Ms Malster, of Alderman Road, Ipswich - about 50 metres from the ground - had sought permission to appeal from a high court ruling last August which backed the local council's approval of a replacement north stand at its Portman Road stadium.
Lord justice Pill said the court considered that the decision of the local council to give consent was a decision it was entitled to take and did not contravene rules relating to environmental assessments.
On 4 May, Ipswich BC granted planning permission to Ipswich Town to demolish its old north stand, which seated 3,363, and replace it with a two-tier stand, which will hold 7,035.
The club has already knocked down the old stand, and started work on the new one, and the project is expected to cost£2,735,702 to build.
Ms Malster is concerned that the size and proximity of the structure will have a severe impact on the light reaching houses in the area, including her own, and that the increased capacity will lead to greater nuisance from fans.
She argues that the council failed properly to comply with its obligations, under European rules, to conduct an environmental impact assessment before granting permission.
In the court of appeal today, Eleanor Sharpston, counsel for Ms Malster, said that the practical effects of the new stand, if completed as proposed, on Ms Malster's property were very real. The judge himself had acknowledged in his decision that the effect was 'severe.'
She claimed that the case raised a 'fundamental question about the scope of the European Environmental Impact Assessment Directive and the extent of member states' discretion in its implementation.'
She contended that the re-development of the North Stand would have
significant environmental effects and would inevitably attract the
requirement of the EIA directive.
She argued that Mr justice Sullivan was wrong to conclude that, where was 'a severe, but highly localised, shadowing effect,' it did not amount to a likely significant effect on the environment so as to warrant an EIA.
She argued further that the council's decision was in breach of local residents' rights of enjoyment of their homes under the new Human Rights Act and sought leave to refer the matter to the European Court.
However, John Litton, counsel for Ipswich BC, said that although the judge had found that the New North Stand would have a significant overshadowing effect on a few properties at the bottom of Alderman Road, the court should note that the only severe impact would be on the light into the south-facing rooms of the hostel on Sir Alf Ramsey Way and not Ms Malster's property.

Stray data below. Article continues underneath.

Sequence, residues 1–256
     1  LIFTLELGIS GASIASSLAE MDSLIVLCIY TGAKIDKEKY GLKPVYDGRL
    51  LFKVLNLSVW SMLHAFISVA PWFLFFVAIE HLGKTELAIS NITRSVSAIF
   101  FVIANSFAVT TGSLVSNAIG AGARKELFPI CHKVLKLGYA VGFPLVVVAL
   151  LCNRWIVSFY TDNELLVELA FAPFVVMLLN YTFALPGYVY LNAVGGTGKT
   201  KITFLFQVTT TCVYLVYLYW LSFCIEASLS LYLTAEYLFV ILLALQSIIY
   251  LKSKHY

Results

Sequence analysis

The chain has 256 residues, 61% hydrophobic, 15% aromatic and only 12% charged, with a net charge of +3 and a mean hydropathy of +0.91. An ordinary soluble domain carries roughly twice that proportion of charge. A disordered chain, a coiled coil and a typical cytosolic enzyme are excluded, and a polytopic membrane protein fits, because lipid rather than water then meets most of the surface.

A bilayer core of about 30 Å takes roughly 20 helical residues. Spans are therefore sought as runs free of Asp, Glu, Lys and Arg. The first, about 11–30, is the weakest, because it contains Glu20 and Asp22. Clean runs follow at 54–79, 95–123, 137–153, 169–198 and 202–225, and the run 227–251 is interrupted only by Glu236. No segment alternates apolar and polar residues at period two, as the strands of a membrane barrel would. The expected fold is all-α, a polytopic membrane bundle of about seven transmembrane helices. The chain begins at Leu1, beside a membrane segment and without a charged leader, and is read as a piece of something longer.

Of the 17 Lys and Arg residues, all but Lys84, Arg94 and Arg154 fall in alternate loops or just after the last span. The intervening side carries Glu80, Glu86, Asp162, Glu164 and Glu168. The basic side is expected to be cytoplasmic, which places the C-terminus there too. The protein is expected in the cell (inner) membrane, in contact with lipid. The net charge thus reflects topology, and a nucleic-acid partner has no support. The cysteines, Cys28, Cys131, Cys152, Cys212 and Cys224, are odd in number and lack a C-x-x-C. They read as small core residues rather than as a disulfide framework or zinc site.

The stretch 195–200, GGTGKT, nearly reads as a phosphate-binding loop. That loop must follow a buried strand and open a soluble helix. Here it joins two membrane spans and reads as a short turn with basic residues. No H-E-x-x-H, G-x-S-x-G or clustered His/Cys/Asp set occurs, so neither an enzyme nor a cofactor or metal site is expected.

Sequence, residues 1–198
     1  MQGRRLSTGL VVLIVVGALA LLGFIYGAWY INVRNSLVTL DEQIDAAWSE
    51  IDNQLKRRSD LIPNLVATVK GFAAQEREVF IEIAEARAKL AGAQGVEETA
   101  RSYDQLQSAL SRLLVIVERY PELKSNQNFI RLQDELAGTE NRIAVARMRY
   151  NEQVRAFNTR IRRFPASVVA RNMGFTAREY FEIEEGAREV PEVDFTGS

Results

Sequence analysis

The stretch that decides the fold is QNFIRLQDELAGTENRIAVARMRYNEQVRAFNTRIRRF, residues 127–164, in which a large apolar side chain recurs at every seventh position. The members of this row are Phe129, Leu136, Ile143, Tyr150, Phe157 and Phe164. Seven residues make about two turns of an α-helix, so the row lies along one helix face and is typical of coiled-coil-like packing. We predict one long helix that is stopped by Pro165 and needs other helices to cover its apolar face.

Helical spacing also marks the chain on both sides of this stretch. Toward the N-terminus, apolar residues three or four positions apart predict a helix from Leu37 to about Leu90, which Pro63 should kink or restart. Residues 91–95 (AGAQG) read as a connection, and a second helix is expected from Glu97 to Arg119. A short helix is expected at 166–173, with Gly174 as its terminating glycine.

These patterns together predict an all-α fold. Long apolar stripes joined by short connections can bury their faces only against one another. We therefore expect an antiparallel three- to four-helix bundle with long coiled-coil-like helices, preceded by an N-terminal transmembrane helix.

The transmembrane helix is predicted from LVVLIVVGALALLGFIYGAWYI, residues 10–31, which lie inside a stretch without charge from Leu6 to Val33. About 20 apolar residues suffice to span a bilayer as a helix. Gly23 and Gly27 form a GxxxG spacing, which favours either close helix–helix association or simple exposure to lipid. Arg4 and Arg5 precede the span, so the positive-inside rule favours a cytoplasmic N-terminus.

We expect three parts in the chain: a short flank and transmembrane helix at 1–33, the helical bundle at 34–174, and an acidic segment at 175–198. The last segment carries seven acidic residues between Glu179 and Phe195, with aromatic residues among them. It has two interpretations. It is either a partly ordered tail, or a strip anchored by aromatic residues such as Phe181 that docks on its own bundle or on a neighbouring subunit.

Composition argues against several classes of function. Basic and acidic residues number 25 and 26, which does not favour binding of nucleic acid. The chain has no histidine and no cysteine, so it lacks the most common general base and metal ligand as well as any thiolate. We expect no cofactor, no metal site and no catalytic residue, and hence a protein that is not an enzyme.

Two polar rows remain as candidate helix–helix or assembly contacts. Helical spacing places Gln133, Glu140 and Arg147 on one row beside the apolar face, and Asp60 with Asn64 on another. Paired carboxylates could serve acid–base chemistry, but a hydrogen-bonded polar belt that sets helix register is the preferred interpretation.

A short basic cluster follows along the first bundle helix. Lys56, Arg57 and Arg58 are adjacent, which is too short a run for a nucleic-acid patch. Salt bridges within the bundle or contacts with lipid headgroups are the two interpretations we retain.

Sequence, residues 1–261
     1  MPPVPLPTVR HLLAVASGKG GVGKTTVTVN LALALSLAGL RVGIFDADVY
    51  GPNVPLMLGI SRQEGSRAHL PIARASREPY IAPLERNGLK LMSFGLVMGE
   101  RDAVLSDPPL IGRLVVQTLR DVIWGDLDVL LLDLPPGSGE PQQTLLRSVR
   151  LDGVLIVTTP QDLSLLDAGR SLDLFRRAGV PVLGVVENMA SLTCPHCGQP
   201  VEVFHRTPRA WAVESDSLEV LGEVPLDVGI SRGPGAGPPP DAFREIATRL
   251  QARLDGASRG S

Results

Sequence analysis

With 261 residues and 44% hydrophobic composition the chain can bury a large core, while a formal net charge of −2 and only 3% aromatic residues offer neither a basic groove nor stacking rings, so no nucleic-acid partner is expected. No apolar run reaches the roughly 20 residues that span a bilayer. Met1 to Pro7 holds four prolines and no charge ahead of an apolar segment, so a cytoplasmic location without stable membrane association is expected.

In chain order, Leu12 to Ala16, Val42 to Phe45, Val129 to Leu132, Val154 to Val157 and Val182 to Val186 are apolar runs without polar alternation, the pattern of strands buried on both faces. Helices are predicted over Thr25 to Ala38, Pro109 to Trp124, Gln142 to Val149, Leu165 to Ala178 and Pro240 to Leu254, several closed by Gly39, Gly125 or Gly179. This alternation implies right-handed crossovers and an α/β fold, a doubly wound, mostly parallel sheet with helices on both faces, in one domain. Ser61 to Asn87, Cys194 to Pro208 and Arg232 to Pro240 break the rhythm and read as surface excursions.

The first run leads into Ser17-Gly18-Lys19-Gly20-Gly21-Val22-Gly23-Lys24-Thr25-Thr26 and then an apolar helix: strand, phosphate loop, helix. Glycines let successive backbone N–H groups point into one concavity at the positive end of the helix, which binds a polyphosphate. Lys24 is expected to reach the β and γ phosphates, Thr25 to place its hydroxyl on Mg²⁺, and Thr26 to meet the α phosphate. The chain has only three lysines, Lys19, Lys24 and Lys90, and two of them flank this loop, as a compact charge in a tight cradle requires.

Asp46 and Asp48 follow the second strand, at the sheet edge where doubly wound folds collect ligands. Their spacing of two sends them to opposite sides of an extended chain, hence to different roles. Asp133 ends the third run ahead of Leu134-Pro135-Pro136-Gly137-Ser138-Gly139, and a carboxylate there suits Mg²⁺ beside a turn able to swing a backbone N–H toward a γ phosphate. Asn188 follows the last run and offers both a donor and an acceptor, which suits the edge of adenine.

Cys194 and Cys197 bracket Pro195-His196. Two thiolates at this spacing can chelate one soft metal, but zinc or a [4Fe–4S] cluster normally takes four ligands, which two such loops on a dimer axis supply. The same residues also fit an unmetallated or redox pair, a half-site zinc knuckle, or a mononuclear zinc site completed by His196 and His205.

Seeking to uphold the judge's ruling he argued that whether the development would have an impact on a 'densely populated area' was not relevant because the area was not densely populated
He claimed that the judge was right to hold that the council had carried out a balancing exercise between Ms Malster's interest in the enjoyment of her home and the public interest in replacing the existing stand. He said the judge had rightly found that Ms Malster had not disputed that the council took into account all relevant matters when reaching the decision that it did.
Counsel for the club, David Elvin QC, said the club was concerned at the delay and prejudice in circumstances where substantial work had already been carried out and costs incurred.
Dismissing Ms Malster's application the judge said: 'I am unable to accept that the structure would be of a size which would mean that it would have significant effect on the area within the meaning of the Environmental Impact Directive.
'Although it would have an impact it would not have a significant impact so as to require an Environmental Impact Assessment.'
He said it was not arguable that either the high court judge or the planning officers who had approved the scheme had considered the project was such that an impact assessment should have been made.
The court was, he said, entitled to have regard to the 'limited impact' that the scheme would have on the area.
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